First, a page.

An economist from the Centre for Policy Development has pointed to the Department of Veterans’ Affairs to boost his argument for a single national health insurer.

Speaking to the Annual Health Insurance Summit in Sydney, Ian McAuley said the current situation with 38 different health insurers led to high overheads and cost blowouts.

“Private insurance is not mis-managed, nor am I claiming that it is exploiting consumers,” said Mr McAuley.

“In fact, private insurance is placed in a difficult situation by government policy which seeks to achieve community rating, to restrain budgetary outlays, and to contain inflationary pressures”.

In his presentation, Mr McAuley argued that a single insurer is more likely to contain moral hazard and deliver equitable care at lower costs.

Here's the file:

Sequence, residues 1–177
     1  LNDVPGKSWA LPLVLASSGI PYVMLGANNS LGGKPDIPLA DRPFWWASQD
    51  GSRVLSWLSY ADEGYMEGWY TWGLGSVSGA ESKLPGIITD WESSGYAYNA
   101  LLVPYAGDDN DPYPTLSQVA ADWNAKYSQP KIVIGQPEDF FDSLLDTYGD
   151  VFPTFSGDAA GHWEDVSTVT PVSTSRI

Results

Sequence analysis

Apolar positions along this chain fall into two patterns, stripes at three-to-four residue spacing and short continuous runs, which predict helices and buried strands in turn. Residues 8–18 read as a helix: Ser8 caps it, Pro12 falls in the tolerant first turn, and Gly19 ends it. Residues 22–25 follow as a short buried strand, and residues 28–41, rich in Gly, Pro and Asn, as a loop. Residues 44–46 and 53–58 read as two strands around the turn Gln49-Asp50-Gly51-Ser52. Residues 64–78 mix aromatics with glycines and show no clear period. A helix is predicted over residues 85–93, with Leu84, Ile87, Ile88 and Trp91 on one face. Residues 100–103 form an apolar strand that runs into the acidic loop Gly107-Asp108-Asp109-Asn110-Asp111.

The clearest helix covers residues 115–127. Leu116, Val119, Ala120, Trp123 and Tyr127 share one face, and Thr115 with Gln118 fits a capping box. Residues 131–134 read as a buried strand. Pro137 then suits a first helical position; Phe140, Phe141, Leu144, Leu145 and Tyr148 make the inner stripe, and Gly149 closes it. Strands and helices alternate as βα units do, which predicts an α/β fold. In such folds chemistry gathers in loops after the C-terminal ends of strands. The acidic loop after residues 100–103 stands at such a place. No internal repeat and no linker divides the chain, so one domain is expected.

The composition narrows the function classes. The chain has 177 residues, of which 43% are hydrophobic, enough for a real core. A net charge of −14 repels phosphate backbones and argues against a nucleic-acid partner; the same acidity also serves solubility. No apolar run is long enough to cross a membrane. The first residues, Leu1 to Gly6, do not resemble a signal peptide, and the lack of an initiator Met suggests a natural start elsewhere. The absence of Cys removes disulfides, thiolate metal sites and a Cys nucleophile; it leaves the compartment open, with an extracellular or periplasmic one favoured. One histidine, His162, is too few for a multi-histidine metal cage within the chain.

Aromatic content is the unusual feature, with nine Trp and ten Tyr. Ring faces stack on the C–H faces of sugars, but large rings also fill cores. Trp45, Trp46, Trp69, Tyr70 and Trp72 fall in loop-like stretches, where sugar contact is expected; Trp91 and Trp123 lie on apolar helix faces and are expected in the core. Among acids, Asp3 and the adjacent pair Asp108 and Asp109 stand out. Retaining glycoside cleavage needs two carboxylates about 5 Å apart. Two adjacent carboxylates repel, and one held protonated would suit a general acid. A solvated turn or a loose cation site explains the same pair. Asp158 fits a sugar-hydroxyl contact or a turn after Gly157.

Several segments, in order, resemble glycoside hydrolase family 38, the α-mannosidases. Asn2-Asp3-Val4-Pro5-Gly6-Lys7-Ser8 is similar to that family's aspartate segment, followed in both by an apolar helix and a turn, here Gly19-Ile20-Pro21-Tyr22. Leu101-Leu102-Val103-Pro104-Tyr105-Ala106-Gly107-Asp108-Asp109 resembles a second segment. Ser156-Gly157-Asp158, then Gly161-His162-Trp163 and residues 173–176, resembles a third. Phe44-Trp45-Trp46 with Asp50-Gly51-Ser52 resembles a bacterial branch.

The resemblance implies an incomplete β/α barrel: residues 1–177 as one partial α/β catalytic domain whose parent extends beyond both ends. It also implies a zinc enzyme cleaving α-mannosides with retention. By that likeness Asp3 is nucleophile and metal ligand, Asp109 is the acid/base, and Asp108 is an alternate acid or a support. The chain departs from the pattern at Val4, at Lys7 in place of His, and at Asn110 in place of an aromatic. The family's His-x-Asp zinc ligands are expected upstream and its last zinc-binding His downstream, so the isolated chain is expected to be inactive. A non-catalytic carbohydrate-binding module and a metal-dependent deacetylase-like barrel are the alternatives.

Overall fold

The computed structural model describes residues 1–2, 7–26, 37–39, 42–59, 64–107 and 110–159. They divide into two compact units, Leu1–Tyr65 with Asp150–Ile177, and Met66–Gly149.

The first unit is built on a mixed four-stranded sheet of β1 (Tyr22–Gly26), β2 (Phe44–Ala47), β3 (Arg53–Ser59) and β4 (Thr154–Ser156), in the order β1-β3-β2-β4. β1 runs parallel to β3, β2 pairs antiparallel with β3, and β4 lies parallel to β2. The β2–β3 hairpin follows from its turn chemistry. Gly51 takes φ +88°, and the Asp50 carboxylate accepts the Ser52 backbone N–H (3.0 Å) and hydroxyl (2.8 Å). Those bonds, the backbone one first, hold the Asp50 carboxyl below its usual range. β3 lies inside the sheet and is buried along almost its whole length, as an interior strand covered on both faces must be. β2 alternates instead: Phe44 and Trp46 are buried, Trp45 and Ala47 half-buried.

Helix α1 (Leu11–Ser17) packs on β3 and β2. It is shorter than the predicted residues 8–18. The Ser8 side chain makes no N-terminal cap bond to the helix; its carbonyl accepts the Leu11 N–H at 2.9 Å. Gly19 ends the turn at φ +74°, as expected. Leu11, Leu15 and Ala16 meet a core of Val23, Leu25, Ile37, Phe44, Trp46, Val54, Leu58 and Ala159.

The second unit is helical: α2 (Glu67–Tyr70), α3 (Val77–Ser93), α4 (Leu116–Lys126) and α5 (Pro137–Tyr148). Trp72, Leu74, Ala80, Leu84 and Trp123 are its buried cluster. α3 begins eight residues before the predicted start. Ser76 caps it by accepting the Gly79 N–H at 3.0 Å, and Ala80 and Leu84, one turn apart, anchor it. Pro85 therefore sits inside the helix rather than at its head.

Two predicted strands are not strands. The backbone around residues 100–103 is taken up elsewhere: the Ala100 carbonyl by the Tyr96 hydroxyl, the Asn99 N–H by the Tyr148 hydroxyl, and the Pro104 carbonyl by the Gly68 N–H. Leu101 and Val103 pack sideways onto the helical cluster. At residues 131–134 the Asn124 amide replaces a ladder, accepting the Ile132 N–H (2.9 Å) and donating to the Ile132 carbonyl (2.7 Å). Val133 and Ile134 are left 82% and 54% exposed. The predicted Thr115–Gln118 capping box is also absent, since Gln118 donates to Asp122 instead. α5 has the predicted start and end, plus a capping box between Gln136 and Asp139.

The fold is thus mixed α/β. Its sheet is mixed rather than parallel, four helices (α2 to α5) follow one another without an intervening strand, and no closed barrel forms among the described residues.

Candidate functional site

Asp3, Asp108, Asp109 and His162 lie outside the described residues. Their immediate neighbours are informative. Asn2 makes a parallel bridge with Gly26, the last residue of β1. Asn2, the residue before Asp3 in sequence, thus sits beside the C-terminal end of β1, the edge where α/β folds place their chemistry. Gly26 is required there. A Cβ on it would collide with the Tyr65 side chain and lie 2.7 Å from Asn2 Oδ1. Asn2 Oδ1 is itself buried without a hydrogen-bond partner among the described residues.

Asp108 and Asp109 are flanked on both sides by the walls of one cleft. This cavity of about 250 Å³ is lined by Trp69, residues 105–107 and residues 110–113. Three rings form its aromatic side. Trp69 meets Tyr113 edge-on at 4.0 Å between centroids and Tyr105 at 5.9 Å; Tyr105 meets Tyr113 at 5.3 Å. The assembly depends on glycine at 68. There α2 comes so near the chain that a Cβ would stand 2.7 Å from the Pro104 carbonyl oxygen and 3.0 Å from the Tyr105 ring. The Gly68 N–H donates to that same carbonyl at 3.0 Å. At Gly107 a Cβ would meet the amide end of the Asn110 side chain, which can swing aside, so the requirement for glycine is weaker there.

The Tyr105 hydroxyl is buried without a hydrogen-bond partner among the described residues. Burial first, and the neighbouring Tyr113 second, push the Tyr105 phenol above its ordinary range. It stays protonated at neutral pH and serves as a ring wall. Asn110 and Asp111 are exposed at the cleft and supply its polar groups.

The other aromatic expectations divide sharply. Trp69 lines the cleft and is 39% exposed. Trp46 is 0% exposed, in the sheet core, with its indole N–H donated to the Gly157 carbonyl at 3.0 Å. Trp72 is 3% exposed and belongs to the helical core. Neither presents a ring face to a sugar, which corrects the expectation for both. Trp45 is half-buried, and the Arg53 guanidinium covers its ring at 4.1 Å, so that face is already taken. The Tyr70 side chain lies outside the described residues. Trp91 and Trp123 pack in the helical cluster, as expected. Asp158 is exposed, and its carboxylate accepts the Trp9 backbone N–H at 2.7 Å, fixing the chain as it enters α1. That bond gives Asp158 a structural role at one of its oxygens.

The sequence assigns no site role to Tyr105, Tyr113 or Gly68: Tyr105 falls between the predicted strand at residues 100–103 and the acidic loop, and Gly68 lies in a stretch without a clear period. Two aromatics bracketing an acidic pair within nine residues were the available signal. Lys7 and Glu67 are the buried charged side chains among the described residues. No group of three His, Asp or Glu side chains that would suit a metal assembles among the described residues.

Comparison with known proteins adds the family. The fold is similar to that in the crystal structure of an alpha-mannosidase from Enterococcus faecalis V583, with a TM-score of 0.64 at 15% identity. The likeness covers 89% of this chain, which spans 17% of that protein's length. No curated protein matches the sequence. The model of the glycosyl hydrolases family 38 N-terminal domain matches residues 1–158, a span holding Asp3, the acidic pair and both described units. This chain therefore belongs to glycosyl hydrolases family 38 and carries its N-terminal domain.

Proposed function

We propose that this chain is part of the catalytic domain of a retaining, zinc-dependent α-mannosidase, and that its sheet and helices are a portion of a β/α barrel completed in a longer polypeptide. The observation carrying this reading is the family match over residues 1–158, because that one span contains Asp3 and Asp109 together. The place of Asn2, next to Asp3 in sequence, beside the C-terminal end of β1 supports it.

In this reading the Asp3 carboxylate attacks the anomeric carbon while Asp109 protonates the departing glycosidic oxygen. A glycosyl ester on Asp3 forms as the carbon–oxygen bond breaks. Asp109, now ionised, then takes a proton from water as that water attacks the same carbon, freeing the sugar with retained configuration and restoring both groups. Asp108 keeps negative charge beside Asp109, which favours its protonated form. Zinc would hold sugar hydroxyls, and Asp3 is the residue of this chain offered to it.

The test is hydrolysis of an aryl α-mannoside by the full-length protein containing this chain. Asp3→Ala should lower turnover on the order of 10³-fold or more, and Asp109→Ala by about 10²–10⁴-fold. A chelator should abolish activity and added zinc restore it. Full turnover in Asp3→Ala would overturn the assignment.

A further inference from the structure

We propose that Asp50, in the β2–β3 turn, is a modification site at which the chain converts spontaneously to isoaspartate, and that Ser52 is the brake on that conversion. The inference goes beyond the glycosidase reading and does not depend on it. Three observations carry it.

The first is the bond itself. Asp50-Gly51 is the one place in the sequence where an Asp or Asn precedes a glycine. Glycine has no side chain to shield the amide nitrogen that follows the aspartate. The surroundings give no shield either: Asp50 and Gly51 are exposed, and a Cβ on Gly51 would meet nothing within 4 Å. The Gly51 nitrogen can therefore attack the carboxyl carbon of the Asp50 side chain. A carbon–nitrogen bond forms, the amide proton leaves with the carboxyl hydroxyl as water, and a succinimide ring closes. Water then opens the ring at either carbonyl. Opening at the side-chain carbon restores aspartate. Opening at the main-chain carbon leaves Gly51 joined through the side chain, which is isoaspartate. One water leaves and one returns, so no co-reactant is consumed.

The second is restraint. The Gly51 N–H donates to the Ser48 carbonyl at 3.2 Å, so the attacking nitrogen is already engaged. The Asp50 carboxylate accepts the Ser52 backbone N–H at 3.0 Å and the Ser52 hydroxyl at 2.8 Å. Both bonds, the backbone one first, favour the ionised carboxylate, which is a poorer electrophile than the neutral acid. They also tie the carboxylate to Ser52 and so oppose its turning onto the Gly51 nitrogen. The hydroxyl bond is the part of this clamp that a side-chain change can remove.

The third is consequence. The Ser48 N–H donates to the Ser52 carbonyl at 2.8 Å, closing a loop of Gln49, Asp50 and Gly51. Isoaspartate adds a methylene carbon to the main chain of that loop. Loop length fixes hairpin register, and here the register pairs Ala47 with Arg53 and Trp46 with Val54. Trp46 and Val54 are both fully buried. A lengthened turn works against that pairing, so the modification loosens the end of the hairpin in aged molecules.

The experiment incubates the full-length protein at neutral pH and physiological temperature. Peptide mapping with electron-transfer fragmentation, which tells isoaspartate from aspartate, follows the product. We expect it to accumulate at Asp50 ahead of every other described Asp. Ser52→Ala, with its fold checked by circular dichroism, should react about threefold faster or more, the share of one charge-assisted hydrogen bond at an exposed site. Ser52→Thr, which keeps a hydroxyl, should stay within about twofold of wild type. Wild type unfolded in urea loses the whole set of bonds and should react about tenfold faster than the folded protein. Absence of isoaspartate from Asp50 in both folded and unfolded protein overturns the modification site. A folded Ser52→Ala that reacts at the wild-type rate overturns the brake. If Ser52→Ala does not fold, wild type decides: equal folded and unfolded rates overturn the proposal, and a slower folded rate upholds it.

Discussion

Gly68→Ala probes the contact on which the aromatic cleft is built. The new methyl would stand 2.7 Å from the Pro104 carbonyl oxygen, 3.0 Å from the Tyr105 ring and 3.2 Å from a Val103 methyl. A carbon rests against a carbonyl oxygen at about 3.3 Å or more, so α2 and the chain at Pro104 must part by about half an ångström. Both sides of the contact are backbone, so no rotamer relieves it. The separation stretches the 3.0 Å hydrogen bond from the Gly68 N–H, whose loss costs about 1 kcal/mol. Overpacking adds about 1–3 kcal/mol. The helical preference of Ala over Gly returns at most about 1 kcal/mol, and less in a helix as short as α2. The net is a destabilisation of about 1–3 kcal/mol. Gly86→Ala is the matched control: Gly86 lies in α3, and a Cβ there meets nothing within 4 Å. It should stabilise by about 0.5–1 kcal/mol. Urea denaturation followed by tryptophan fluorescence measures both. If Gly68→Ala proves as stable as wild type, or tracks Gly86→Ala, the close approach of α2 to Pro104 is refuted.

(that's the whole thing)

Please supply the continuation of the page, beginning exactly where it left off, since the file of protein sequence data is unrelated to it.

To bolster his case, he cited the model administered by the Department of Veterans’ Affairs, which provides health services for 300,000 veterans and their dependants.

The Department acts as the single insurer but most services, including two thirds of hospital services, are provided to clients and patients by the private sector.

“There would be significant economies and improvements in equity in extending the single insurer model to the delivery of all health programs”, said Mr McAuley.

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